Nov. 27, 2015 02:00 AM EST Reads: 514
Microservices are a very exciting architectural approach that many organizations are looking to as a way to accelerate innovation. Microservices promise to allow teams to move away from monolithic "ball of mud" systems, but the reality is that, in the vast majority of organizations, different projects and technologies will continue to be developed at different speeds. How to handle the dependencies between these disparate systems with different iteration cycles? Consider the "canoncial problem" in this scenario: microservice A (releases daily) depends on a couple of additions to backend B (re...
Nov. 27, 2015 01:00 AM EST Reads: 421
Growth hacking is common for startups to make unheard-of progress in building their business. Career Hacks can help Geek Girls and those who support them (yes, that's you too, Dad!) to excel in this typically male-dominated world. Get ready to learn the facts: Is there a bias against women in the tech / developer communities? Why are women 50% of the workforce, but hold only 24% of the STEM or IT positions? Some beginnings of what to do about it! In her Day 2 Keynote at 17th Cloud Expo, Sandy Carter, IBM General Manager Cloud Ecosystem and Developers, and a Social Business Evangelist, wil...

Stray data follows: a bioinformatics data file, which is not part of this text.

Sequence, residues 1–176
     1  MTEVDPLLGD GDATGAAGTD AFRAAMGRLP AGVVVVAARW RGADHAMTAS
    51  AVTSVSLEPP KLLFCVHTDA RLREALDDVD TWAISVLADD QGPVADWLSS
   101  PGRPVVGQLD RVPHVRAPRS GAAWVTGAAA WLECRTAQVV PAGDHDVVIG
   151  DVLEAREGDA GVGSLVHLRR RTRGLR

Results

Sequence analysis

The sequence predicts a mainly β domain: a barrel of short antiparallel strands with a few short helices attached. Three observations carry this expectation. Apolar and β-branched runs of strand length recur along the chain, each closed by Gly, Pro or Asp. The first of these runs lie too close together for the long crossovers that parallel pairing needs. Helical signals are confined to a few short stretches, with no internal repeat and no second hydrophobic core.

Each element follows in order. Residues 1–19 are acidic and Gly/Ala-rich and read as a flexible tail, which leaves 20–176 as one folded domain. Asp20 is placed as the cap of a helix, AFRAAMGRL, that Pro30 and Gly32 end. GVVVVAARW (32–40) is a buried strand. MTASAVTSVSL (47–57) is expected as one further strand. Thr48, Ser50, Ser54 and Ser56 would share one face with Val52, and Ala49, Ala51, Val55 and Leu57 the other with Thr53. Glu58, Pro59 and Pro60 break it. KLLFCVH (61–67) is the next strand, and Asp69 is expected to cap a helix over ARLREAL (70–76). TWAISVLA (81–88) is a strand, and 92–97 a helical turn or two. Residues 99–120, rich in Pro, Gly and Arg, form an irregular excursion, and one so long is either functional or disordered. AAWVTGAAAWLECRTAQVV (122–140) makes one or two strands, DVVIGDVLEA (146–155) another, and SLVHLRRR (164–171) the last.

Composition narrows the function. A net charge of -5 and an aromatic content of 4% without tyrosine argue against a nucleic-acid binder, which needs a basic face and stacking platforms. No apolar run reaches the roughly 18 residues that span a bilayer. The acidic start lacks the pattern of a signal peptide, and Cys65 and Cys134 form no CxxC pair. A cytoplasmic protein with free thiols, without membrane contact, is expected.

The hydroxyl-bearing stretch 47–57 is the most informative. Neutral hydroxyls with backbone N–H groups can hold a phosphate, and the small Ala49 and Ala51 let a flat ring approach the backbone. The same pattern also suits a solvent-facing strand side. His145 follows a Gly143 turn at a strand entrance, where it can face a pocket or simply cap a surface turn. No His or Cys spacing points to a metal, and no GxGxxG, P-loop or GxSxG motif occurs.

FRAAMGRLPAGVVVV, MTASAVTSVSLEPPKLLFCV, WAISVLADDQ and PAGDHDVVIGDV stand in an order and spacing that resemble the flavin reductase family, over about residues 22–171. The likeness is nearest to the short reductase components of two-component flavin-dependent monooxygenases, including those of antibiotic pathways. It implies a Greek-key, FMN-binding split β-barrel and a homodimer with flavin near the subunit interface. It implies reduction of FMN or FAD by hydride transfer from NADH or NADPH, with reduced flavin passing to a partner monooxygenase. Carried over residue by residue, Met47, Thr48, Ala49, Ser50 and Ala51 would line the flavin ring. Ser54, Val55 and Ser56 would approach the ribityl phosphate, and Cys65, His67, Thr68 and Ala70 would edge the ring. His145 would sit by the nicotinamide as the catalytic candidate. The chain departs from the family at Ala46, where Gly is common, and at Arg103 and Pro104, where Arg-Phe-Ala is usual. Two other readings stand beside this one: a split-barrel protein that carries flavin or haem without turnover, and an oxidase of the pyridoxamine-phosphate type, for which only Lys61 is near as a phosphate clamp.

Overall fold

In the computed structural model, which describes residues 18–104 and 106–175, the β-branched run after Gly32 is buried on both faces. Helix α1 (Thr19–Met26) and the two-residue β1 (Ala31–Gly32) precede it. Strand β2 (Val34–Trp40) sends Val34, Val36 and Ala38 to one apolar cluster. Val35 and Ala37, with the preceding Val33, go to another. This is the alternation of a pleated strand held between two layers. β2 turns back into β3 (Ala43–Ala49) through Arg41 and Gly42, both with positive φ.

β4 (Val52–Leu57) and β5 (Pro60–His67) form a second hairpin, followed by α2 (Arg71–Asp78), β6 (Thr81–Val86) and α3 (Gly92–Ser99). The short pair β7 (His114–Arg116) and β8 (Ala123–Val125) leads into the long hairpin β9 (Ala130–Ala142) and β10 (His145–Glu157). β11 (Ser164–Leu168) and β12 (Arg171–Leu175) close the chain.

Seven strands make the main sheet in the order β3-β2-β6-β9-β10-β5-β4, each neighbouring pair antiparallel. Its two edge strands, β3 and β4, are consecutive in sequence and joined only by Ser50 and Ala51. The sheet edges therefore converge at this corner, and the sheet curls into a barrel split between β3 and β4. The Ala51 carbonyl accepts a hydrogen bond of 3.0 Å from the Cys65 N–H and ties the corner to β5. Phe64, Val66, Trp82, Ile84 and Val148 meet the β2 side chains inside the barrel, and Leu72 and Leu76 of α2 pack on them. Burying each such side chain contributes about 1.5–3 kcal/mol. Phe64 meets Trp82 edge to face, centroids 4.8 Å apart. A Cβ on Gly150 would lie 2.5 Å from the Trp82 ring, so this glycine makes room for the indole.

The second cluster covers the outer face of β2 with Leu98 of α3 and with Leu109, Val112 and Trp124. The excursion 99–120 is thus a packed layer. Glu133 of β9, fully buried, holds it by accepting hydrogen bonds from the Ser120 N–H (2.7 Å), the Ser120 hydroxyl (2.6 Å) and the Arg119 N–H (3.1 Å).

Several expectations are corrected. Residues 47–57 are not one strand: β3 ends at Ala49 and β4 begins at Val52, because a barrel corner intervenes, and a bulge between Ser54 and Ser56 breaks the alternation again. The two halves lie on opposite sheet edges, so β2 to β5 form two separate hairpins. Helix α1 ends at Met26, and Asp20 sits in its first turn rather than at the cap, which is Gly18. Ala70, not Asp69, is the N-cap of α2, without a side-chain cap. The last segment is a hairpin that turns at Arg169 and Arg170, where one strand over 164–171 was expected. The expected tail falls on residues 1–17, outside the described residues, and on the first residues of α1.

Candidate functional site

Nov. 27, 2015 01:00 AM EST Reads: 555
PubNub has announced the release of BLOCKS, a set of customizable microservices that give developers a simple way to add code and deploy features for realtime apps.PubNub BLOCKS executes business logic directly on the data streaming through PubNub’s network without splitting it off to an intermediary server controlled by the customer. This revolutionary approach streamlines app development, reduces endpoint-to-endpoint latency, and allows apps to better leverage the enormous scalability of PubNub’s Data Stream Network.
Nov. 27, 2015 01:00 AM EST Reads: 307
The cloud. Like a comic book superhero, there seems to be no problem it can’t fix or cost it can’t slash. Yet making the transition is not always easy and production environments are still largely on premise. Taking some practical and sensible steps to reduce risk can also help provide a basis for a successful cloud transition. A plethora of surveys from the likes of IDG and Gartner show that more than 70 percent of enterprises have deployed at least one or more cloud application or workload. Yet a closer inspection at the data reveals less than half of these cloud projects involve production...
Nov. 27, 2015 01:00 AM EST Reads: 458
Apps and devices shouldn't stop working when there's limited or no network connectivity. Learn how to bring data stored in a cloud database to the edge of the network (and back again) whenever an Internet connection is available. In his session at 17th Cloud Expo, Ben Perlmutter, a Sales Engineer with IBM Cloudant, demonstrated techniques for replicating cloud databases with devices in order to build offline-first mobile or Internet of Things (IoT) apps that can provide a better, faster user experience, both offline and online. The focus of this talk was on IBM Cloudant, Apache CouchDB, and ...